What Is a Community Garden: Why & How
A Garden for Everyone
In one of my previous posts, Top 10 gardening Trends for 2021, I discuss the massive growth in popularity that gardening is currently experiencing. More people than ever are discovering the benefits of gardening and are getting in on the trend.
The increased interest in gardening is excellent news, but what do you do if you live in an apartment or don't have land for a garden?
A popular, fun, and socially responsible
solution is a community garden.
A well-designed community garden will transform a local community with shared resources, growing fresh, healthy vegetables, and fruits. A community garden can make positive changes that will last.
What is a Community Garden?
A community garden is a piece of land that's set apart within a neighborhood. The land is gardened collectively by a group of people. It all simply begins with a person or a group of people who decide they want a community garden.
Community gardens consist of one individual plot or shared plots on private or public land. They can produce fruit and vegetables or consumption and plants for their attractive or decorative appearance.
Cost of a Community Garden
As of this post's writing, community gardens starting costs vary from $3,750 to $7,500. The costs of establishing a community garden may include contractors, insurance, city fees (maintenance), and water fees.
A large community garden (12 -acre or larger) can cost as much as $30,000, but on the other hand, that same garden can generate as much as $50,000 per year.
These expenses can vary significantly from garden to garden; however, you can expect a community garden's costs in a highly populated urban area to have higher operating costs than those in less populated areas.
Five types of Community Garden
Starting a Community Garden?
How a community garden is structured requires some careful consideration.
Some typical factors to contemplate when starting a community garden:
For instance, individual gardens are plots that are not shared. The plots are cared for by an individual who chooses what to grow and how to care for those crops.
There typically will be no assigned plots with an open community garden, and volunteers can work on any part of the garden they choose.
There typically will be no assigned plots with an open community garden, and volunteers can work on any part of the garden they choose. They can also pick whatever vegetables they want to grow.
A group starting a community garden also needs to decide what they want to grow, just vegetables, fruits, and/or flowers. It is always good to plan on having several meetings to discuss what will populate the community garden and a schedule developed to determine if the work will be done communally or individually.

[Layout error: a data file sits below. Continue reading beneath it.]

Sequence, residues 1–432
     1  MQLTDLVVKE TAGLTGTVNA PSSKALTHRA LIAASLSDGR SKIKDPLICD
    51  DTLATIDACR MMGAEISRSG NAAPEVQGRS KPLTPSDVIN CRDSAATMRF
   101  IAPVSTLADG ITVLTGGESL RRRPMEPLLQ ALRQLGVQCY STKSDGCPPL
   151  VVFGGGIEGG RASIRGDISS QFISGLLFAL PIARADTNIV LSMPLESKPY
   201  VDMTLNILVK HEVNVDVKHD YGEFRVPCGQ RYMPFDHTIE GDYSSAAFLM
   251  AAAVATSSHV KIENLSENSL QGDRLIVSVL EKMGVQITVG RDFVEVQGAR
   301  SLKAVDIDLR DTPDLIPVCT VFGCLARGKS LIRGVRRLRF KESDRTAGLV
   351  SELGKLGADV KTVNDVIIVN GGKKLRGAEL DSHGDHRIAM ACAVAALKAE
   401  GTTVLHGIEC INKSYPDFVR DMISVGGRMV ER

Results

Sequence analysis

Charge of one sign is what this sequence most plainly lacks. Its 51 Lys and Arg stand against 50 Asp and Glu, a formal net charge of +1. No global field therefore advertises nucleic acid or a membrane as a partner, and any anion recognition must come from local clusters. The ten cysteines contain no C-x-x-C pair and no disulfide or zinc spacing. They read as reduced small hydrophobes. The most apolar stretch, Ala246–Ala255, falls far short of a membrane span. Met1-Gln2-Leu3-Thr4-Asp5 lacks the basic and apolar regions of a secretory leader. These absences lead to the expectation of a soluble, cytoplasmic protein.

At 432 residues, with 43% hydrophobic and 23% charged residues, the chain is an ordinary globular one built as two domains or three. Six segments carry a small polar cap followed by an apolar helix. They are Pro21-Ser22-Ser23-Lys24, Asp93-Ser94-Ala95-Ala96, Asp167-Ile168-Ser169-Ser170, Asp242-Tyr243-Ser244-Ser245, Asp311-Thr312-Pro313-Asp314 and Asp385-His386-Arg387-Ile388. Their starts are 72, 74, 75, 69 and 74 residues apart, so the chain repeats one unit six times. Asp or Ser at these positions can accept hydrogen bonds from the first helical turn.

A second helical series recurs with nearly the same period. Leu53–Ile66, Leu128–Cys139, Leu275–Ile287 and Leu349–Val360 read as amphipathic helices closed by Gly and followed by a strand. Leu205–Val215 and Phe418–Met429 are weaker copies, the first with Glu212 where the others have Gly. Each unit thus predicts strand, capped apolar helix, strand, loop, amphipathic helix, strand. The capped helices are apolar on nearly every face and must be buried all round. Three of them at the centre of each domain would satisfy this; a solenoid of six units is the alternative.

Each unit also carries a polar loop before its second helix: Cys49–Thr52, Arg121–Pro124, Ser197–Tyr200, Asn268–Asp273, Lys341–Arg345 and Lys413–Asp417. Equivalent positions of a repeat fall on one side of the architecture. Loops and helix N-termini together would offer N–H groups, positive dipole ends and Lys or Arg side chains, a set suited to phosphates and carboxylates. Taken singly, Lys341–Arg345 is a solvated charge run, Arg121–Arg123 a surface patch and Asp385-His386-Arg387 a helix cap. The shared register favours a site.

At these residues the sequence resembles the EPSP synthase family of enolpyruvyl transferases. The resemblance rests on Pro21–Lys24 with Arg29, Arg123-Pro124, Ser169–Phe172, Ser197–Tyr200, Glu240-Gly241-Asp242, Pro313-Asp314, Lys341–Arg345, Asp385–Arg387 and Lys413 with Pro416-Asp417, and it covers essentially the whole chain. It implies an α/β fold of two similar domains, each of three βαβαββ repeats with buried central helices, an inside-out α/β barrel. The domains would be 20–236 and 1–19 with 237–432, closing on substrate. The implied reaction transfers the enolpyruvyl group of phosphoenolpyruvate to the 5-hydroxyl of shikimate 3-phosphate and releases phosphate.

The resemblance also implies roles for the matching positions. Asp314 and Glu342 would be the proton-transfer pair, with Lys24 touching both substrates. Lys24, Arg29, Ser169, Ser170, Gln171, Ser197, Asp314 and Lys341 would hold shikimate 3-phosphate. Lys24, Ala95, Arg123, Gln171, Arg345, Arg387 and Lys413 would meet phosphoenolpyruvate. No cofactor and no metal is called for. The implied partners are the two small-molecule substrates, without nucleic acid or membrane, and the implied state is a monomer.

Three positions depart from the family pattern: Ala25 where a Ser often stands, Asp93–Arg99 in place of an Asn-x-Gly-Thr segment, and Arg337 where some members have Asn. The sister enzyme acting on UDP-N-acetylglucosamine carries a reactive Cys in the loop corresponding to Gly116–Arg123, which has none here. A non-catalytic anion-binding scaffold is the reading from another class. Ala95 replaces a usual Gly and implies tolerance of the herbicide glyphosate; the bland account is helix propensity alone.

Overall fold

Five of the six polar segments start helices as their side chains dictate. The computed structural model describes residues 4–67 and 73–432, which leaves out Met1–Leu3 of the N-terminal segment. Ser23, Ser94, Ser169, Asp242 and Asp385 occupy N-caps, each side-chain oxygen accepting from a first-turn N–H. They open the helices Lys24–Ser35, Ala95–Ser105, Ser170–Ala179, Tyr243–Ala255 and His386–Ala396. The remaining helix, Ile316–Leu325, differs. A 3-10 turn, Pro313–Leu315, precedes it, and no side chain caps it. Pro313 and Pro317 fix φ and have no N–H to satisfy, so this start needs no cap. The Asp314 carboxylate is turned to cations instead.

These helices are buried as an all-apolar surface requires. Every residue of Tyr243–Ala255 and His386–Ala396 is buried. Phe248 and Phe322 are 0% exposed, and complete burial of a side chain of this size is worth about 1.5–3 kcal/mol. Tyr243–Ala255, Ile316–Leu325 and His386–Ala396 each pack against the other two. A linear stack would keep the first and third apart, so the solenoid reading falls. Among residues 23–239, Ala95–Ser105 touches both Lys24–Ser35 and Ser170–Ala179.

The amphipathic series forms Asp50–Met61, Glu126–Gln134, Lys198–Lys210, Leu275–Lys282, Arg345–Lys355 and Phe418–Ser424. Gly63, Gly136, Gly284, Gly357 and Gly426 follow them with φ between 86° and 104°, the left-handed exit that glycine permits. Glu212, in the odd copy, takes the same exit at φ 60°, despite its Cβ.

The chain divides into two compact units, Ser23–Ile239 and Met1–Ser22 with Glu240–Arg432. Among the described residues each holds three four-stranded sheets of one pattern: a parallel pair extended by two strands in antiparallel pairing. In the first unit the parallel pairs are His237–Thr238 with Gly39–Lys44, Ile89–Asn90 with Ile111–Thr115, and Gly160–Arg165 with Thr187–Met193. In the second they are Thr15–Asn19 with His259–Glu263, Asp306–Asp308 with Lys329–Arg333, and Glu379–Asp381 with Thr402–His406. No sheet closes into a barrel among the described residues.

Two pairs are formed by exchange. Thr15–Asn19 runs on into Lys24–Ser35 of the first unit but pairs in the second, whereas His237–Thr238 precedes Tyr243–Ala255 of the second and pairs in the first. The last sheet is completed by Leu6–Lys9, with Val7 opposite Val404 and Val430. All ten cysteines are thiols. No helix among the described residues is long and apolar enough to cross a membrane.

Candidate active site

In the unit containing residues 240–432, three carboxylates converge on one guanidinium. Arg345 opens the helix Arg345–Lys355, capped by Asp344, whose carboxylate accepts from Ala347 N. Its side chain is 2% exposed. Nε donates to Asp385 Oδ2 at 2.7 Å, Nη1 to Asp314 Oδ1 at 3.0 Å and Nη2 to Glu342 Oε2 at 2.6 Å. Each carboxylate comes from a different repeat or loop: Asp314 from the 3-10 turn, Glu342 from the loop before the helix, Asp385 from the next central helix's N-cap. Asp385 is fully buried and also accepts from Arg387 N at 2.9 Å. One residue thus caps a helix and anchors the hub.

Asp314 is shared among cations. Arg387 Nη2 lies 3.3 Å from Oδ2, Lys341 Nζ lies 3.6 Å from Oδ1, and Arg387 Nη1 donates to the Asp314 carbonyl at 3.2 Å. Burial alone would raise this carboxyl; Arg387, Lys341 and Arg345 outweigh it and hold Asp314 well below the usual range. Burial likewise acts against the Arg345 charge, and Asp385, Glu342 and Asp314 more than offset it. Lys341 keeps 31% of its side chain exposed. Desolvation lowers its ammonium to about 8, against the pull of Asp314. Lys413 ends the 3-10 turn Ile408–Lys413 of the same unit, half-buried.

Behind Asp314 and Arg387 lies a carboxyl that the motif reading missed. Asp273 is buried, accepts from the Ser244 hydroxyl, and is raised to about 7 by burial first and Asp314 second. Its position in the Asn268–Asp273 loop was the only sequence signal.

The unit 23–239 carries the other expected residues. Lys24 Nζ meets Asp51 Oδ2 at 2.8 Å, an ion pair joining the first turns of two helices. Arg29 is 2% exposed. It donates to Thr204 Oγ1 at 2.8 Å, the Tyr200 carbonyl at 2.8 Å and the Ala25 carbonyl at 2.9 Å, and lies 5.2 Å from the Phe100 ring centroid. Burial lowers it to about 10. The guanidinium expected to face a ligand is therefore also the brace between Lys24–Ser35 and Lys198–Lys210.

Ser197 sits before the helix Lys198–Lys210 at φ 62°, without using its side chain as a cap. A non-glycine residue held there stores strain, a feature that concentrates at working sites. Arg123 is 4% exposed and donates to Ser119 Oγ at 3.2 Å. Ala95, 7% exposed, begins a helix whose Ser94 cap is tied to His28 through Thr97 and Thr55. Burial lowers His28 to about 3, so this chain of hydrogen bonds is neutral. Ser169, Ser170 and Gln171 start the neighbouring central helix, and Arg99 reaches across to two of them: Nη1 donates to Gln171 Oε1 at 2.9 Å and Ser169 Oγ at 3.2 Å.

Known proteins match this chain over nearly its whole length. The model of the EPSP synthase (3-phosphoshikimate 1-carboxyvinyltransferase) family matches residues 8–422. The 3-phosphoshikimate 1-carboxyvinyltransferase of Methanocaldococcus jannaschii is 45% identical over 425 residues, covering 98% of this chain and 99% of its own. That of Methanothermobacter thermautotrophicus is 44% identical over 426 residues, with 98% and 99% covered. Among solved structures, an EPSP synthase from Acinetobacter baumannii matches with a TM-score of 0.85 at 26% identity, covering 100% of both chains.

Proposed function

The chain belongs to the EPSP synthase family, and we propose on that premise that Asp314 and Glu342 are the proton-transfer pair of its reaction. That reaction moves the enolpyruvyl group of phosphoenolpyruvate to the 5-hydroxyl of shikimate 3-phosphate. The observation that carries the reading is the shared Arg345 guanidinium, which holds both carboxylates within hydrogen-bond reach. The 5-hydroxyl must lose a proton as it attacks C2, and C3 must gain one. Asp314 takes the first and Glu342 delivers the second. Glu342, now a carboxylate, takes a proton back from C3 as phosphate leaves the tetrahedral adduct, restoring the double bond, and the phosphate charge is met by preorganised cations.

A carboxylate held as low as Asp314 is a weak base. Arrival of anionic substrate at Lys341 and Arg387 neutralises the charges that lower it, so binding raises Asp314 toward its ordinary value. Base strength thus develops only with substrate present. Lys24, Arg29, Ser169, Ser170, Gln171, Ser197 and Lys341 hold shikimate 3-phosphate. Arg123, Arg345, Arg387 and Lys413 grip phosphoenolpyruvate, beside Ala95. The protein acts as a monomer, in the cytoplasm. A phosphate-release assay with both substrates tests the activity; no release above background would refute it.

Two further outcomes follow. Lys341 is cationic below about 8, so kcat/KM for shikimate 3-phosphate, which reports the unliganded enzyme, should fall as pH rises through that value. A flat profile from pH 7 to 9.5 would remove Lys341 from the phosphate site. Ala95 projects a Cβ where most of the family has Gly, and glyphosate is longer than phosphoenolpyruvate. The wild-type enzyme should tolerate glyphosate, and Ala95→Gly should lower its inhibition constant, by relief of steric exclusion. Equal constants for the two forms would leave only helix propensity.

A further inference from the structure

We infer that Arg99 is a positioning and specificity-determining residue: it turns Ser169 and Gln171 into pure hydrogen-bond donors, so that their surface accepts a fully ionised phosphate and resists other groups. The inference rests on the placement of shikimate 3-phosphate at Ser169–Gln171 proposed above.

Above all, no matter what form the association takes, it is critical to have written rules to help keep order and peace in the garden. How detailed the guidelines are is highly dependent upon the participating gardeners. I recommend the less familiar the participants are and the more precise the rules should be to mitigate disagreements.
The following community garden rules and regulations are from New Jersey's South Branch Preserve. These are great rules to incorporate into your community garden guidelines.
Ways to Improve Your Community Garden?
Pros and cons of a Community Garden?
Your State - Your Garden
One of the best ways to learn about starting or joining a community garden is to contact successful gardens in your area.
I have researched all fifty states to identify resources in your state to help you get started. This list is in no way exhaustive but will, at the very least, help you get started.
Go Plant Something!
Being part of a community garden takes time but is well worth it in the long run. Hopefully, you can find an organization or garden in your city that inspires you. Even if your area doesn't have a robust gardening community, don't let that stop you from organizing one of your own.
See you in the garden!
If you enjoyed this post, check out our other gardening posts:
- Top 10 Gardening Trends for 2021: Shared Inspiration
- How to Dry Seeds: What & Why
- 15 Advantages of Drip Irrigation
- What is a Drought Tolerant Garden?
- Sheet Mulching: How to Build Soil & Save Water
- What is a Greywater System?
- Using a garden Planner